Postfeminist Fiction

Elisabeth Sheffield


Chick-Lit. It rests on my desk, the only pink thing in the room. Not only is it pink, it's bright pink and not, for instance, mauve. Not mauve, which Jane Gallop, describing the cover of the 1984 landmark anthology of feminist criticism, Writing and Sexual Difference, praisingly calls "a stylish, sophisticated version of [pink], one that bespeaks not the messy, carnal world of the nursery but high culture, high feminine culture, the realms of interior decoration and haute couture, and also, of course, things from the French..." Not mauve, nor raspberry nor even shell, but a bright sugary pink - the color of Bazooka Joe Bubblegum and innumerable Barbie Doll accessories. "A blatant little-girl color" which could be seen as an affront to the mature feminist, to all the women who have struggled over the decades to be taken seriously. And one could say that the title, Chick-Lit, only deepens the insult, that it's like snapping gum in your mother's face.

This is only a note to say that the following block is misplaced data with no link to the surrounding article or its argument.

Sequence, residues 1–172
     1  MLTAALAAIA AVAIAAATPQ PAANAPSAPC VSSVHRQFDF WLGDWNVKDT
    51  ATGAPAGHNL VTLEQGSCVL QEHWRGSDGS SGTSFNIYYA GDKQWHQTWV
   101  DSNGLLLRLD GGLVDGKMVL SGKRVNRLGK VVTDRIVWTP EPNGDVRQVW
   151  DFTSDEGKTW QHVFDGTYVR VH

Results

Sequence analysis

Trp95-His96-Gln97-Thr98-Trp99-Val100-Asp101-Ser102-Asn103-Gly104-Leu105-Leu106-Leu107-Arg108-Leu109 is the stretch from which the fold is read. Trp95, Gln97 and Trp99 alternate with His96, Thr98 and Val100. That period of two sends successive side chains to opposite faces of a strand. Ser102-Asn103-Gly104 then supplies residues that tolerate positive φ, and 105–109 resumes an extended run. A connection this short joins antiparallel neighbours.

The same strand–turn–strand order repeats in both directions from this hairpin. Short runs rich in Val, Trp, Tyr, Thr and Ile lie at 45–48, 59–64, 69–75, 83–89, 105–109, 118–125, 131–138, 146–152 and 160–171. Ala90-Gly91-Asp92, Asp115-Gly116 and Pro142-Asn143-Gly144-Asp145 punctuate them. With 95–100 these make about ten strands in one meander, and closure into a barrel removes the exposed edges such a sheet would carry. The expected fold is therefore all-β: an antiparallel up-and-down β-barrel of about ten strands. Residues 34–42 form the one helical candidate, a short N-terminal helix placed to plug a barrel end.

Yes, one could view the color of this anthology as an affront, a lapse of good manners, and even a relapse - a return to our political girlhood. But in visually referring back to the "carnal" pink of the nursery, this text also perhaps points to the stage at which the identification between girls and pink should be sundered. And in fact, if one looks at the cover more closely, there is an image for the violence and alienation that such a split would entail in the face of a mannequin that is split asunder, ruptured by a shark's grinning head. Because such a split would require not just the rejection of our fathers, but our mothers as well, of that feminine world where pink inevitably matures into mauve, and Barbie dolls turn into mannequins modelling haute couture.